In my early teens, I attended Sunday School at BaintonMethodistChurch. My four brothers and sisters also joined with me and an extra Sunday School teacher was brought in to help from a nearby village! A local Methodist Lay Preacher taught me how to take services and lead worship from the tender age of 14 years.

As a young Christian I was deeply influenced by Operation Mobilisation and their call to mission and a radical life-style. More recently, I have been strongly influenced by the Toronto Airport Christian Fellowship, where the revival fires are still burning just as strongly as when the “Toronto Blessing” first broke out in 1994. Over the past
few years, I have had the privilege of getting to know John and Carol Arnott personally, and have been involved in conferences in Norway and Iceland with them and several others from their team. However, the most significant influence on my life in recent years has been the International House of Prayer, led by Mike Bickle, in Kansas City, Missouri, USA. They have been praying and worshiping the Lord 24 hours a day since 1999! They have almost 1000 full-time staff now, whose main ministry is to pray and worship the Lord! I love their dedication in seeking the Lord’s face and their commitment to a life-style of prayer and fasting. 

 

 
 

 

 

living devotions

Rev. E. Anderson

CREATING A GOOD ATMOSPHERE

Living Senior Ministries

“Therefore, if you are offering your gift at the altar and there remember that your brother or sister has something against you, leave your gift there in front of the altar. First go and be reconciled to them; then come and offer your gift” –Matthew 5:23-24

Mstislav “Slava” Rostropovich is a world-famous cellist. Since his exile from his native Russia in 1974, he has lived in the West. When Communist hard-liners pulled a coup several years ago, Slava was in Paris. But instead of scurrying back to the U.S. and safety, he and his family flew straight home to Moscow.

There, he took up his place in the Russian FederationBuilding that President Boris Yeltsin and his elected allies vowed to hold against every assault. In the darkened corridors, someone gave him an automatic rifle, but he returned it. Rather, he took out his cello and gave an impromptu recital to break the awful tension of the siege.

It’s amazing how something beautiful can quell a division. You’ve probably heard of the stories from the World War I battlefronts where opposing sides ceased fighting for Christmas day, and even sang carols together. It was the focus on something greater that unified them and pushed their division to the side.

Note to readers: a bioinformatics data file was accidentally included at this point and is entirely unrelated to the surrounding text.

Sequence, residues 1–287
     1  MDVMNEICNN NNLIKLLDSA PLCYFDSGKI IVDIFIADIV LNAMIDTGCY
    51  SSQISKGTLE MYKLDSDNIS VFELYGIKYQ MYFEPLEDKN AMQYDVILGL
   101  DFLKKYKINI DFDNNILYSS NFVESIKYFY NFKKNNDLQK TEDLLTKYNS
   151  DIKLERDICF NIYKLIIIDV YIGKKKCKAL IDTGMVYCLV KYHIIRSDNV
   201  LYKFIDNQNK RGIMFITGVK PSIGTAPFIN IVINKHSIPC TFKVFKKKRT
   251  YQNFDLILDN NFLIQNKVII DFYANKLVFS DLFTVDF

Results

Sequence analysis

There’s nothing more beautiful than Jesus. And because of that, we as believers should never let conflict with other Christians hinder us from our worship of Him. Choose Christ over conflict, and let unity under Him overwhelm all division.

PRAYER CHALLENGE

Ask God to help you and others pursue Christ so that any division would be dissolved as you focus on Him.

leaderhip factors

Rev. Philip Pye

PILGRIMMAGE

Psalm 84:5 ‘Blessed are those whose strength is in you, whose hearts are set on pilgrimage’

I write this devotional in the very week that, 390 years ago in 1620, just over 100 Pilgrim Fathers set sail from Plymouth heading to the New World, later to become the United States of America.

Pilgrimage is defined as ‘A journey – especially a long one – and a journey of purpose’. The literal travels of the brave and intrepid Pilgrim Fathers are inspirational to all who desire to be pilgrim leaders. What is required for such a life and ministry journey?

A VISION TO FUEL IT: ‘A leader is one who sees more than others, who sees further than others see and who sees before others do,’ Leroy Eims.

A value to undergird it: ‘Our values will affect our priorities, outlook and decisions on the immediate in the light of the ultimate.’

A VALOUR TO SUSTAIN IT – The Pilgrim Fathers did not undertake their trip primarily motivated by financial gain but: ‘For the glory of God and the advancement of the faith’. It was not without cost. For all leaders on occasions the waves seem mountainous, the waters perilous, the obstacles dangerous. The pilgrim leader is going to need guts!

Their legacy was immense, with the freedoms they believed in later enshrined in the constitution of the emerging nation of America. Here we are nearly 400 years later still impacted by believers committed to a journey.

Fellow leader don’t draw back or be sidetracked – continue to the goal to which Christ has called you, and be inspired afresh by the words of an ancient hymn (yep, ancient language too) to be a pilgrim!

He who would valiant be, gainst all disaster

Let him in constancy follow the Master

There’s no discouragement shall make him once relent

His first avowed intent, to be a pilgrim

 

 

just a thought

Rev. Aaron Linford

OVERFLOW

Jesus spoke of eternal life as a fountain springing up within the heart of the believer (John 4:14), giving satisfaction for soul-thirst. He later spoke about “rivers of living water” flowing out of that same inner self in service to others (John 7:32,33).

The difference is that the “well” can be self-contained but the river is an overflow. Regeneration is a wonderfully thirst quenching event, but the Renewing of the Holy Spirit (Titus 3:5,6), begins an outflow that is inexhaustible -“rivers” flowing with refreshing energy from US to OTHERS.